Dr. Bass: The line between fact and fiction is sometimes blurry in our novels, and Arpad Vass is a good example of that. There really is a research scientist at Oak Ridge National Laboratory named Arpad Vass, and Arpad really was one of my Ph.D. students. And he actually HAS developed a �sniffer� to detect clandestine graves-an analytical instrument he designed after doing years of research at the Body Farm on the chemicals given off by human bodies as they decompose.

Douglas R. Cobb: Dr. Brockton has a romantic interlude in this book with Isabella Arakawa, a librarian at Oak Ridge who helps him narrow down the possible location of the dead soldier, Jonah Jamison, whose picture faintly appears on a roll of film found in Novak's refrigerator. Do you have plans to get Dr. Brockton involved in a lasting romantic relationship in the future?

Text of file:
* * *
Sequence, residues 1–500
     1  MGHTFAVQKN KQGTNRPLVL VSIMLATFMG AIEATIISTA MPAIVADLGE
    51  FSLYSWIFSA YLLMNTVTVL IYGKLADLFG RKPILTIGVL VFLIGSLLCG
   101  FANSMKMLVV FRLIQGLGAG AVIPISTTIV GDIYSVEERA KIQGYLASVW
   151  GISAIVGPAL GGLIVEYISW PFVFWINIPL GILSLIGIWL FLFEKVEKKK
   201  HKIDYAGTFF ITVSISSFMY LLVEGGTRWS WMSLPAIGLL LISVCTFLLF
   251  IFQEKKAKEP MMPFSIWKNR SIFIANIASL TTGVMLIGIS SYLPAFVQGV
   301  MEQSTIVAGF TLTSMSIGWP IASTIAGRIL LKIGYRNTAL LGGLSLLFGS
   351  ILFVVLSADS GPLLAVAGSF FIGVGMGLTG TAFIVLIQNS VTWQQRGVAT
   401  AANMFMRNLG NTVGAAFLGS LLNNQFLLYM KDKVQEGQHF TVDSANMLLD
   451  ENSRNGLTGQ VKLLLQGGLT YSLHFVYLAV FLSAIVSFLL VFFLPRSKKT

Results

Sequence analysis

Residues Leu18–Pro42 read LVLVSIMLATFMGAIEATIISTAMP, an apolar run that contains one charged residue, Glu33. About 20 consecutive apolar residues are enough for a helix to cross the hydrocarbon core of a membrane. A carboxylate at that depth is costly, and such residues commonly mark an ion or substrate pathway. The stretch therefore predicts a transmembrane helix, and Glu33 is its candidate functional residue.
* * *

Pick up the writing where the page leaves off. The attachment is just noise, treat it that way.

Jon: That's hard to predict-sort of like real life!

Douglas R. Cobb: One of the coolest aspects I liked about Bones of Betrayal is the use of faint, ghostly, spooky photographic negatives before each section and chapter. Are these images of Oak Ridge?

Jon: Those ghostly images are negatives of historic photos taken in Oak Ridge during World War II by Ed Westcott, the official photographer for the Manhattan Project. Westcott took thousands of photos; unlike almost anyone except for the highest-ranking people in charge of the project, Westcott had virtually unlimited access to all the top-secret facilities working on the bomb project in Oak Ridge. One of the historic images we use in the book-a striking negative of a young woman-shows a calutron girl seated at the control panel of a calutron. I had that image in mind as I pictured Beatrice as a young woman.

Douglas R. Cobb: How accurately does the quote from Dr. Brockton in the novel about what he does if he believes he's "overlooking something" in figuring out the cause of a victim's death (he puts "the bones on my desk where I can see them") describe the way you approach a similar mystery, Dr. Bass?